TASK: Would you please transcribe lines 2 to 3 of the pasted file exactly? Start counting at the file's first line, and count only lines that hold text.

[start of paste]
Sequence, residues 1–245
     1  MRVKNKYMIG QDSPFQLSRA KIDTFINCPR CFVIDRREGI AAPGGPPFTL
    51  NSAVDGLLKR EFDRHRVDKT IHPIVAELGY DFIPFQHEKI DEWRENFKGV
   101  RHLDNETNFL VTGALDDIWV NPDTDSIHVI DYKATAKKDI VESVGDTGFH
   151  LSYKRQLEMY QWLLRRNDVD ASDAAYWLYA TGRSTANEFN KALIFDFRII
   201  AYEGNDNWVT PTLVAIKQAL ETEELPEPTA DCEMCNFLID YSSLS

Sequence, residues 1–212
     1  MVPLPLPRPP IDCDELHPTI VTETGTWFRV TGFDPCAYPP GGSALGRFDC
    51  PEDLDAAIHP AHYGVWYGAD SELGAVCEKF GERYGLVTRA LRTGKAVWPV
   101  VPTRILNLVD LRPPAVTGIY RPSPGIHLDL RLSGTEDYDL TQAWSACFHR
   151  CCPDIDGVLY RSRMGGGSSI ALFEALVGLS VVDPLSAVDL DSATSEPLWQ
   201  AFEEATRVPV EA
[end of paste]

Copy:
     1  MRVKNKYMIG QDSPFQLSRA KIDTFINCPR CFVIDRREGI AAPGGPPFTL
    51  NSAVDGLLKR EFDRHRVDKT IHPIVAELGY DFIPFQHEKI DEWRENFKGV